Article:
The Coachman
Topic Author
Posts: 1192
Joined: Sun Apr 29, 2001 9:57 pm

Certification And Rosters Of Pilots

Wed Jun 20, 2001 12:16 pm


Can a pilot be certificated and rostered on a non-type similar aircraft at once, eg. the A320 and B737? I don't think so, but some people tell me it is possible!

Could someone confirm either way please?


The Coachman
M88, 722, 732, 733, 734, 73G, 73H, 742, 743, 744, 752, 762, 763, 772, 773, 77W, 320, 332, 333, 345, 388, DH8, SF3 - want
Purdue Arrow
Posts: 947
Joined: Tue May 25, 1999 1:49 pm

RE: Certification And Rosters Of Pilots

Wed Jun 20, 2001 12:46 pm

Once a pilot is type-rated in an aircraft, (s)he is type-rated in that aircraft forever. For example, if a person flew as captain of a Beechjet prior to working for an airline, then as captain in 727, 737, and 777 during his airline career, then his pilot certificate would retain all of those type-ratings. In order for each rating to remain current, however, the pilot must have type-specific recurrent training in the type every year. I believe that a pilot who is typed in 2 different airplanes can do trining on each type every other year, but I'm not sure how that applies to pilots with more than 2 type ratings. The simple answer to the question is that, yes, a pilot can be type-rated in more than one aircraft at a time. Airlines, however, do not generally have pilots fly more than one aircraft type at any point in their careers.

RE: Certification And Rosters Of Pilots

Thu Jun 21, 2001 12:25 am

As purdue said, there is nothing preventing certification and currency on multiple types (at least not in the US, cant speak for the rest of the world). I have known a FEW pilots, usually management or instructor pilots who are "cross trained" on two types, but this was at smaller regional airlines. Most airline union contracts forbid the practice for line pilots. So even though you may transition from say 737 First Officer to 767 FO, and for a period of time be perfectly legal to serve on both aircraft, it is not allowed by company work rules. This is mainly safety driven. Most commercial airplanes have emergency checklists containing "memory items" for the worst situations, such as engine fire or failure. If you were flying two types regularly this could produce a hazardous situation if you have an engine come apart and cant remember which memory items to accomplish.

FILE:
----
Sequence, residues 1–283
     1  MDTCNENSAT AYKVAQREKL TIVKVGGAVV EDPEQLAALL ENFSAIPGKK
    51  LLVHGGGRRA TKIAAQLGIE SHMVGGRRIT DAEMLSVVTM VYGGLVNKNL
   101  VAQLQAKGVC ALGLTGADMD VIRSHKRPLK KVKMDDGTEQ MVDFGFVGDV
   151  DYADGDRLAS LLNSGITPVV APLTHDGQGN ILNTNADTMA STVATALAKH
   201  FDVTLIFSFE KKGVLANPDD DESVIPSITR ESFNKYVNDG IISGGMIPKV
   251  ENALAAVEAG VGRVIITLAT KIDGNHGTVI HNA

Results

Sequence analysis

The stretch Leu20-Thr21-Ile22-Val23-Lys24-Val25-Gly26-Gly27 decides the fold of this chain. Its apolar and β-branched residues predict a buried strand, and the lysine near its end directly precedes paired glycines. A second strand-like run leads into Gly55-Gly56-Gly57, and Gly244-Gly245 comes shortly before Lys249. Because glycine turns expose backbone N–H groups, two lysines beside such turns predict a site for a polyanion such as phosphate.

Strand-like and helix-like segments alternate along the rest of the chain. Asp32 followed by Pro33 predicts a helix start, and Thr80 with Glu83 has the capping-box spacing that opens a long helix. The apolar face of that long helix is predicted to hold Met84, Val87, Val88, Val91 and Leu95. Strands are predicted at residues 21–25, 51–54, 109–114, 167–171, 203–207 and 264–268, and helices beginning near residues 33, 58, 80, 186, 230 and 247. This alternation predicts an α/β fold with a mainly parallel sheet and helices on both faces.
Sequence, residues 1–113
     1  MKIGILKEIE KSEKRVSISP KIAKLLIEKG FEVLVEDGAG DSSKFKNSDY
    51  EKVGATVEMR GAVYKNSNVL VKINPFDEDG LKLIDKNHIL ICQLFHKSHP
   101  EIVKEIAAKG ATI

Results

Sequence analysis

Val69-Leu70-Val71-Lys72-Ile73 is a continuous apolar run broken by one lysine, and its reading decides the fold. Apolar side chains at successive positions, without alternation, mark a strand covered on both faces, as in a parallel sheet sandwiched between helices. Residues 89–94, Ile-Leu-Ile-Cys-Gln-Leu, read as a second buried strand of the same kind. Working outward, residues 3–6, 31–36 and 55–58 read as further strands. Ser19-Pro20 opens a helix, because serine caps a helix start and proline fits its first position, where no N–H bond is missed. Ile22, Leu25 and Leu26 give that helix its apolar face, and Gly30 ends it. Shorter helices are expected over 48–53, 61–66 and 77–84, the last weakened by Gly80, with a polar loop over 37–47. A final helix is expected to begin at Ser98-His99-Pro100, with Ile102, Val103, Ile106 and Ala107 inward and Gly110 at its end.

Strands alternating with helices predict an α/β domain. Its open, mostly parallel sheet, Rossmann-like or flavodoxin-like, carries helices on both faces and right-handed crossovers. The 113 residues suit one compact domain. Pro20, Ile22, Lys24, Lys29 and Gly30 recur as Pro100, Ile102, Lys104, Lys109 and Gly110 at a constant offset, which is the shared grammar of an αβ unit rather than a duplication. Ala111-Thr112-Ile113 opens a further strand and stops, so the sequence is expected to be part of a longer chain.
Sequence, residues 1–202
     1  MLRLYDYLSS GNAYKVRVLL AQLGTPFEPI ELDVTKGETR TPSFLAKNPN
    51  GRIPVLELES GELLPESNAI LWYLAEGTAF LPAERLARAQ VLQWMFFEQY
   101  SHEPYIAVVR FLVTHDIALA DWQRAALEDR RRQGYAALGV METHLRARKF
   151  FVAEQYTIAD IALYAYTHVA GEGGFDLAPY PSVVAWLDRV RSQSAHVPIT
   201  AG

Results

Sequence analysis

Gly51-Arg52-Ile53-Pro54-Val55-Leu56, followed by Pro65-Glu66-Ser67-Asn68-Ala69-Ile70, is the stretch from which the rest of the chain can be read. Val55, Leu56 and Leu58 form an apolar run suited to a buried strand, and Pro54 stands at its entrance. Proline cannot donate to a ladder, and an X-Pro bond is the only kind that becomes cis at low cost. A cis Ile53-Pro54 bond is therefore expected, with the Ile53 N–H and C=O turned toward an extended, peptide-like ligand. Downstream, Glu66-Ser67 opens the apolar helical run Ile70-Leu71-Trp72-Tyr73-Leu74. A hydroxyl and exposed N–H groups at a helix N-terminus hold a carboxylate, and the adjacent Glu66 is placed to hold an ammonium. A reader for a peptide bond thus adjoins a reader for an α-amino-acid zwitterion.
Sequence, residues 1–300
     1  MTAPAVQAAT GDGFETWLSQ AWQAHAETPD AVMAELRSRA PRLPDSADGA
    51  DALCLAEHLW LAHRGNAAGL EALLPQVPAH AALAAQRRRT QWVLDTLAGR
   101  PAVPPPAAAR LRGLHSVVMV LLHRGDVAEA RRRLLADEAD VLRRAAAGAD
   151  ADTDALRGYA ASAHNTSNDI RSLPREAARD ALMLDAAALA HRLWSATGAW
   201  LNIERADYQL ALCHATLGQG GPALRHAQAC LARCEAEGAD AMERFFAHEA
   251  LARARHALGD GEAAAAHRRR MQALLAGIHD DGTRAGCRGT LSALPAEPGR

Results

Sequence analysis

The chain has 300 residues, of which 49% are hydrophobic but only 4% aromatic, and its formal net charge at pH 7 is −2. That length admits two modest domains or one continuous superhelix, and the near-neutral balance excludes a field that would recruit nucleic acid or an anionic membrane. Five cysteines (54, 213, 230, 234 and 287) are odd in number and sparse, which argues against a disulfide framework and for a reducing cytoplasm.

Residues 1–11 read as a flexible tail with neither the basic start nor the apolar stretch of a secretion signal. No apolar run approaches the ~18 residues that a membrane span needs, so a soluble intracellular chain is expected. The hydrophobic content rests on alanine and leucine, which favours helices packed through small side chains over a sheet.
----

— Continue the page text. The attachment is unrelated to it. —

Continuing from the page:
It is much better to know one type like the back of your hand than try to juggle two.
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Joined: Sat Jun 05, 1999 11:23 am

RE: Certification And Rosters Of Pilots

Thu Jun 21, 2001 1:22 am

Very true!

The captain whom I went through 737 training with years ago was typed on the 707 (KC-135), 727, 757/767 and was training for the 737 type rating.

I've only got a Beech 1900 type rating however. Go figure!

Doug Taylor
MD-90 FO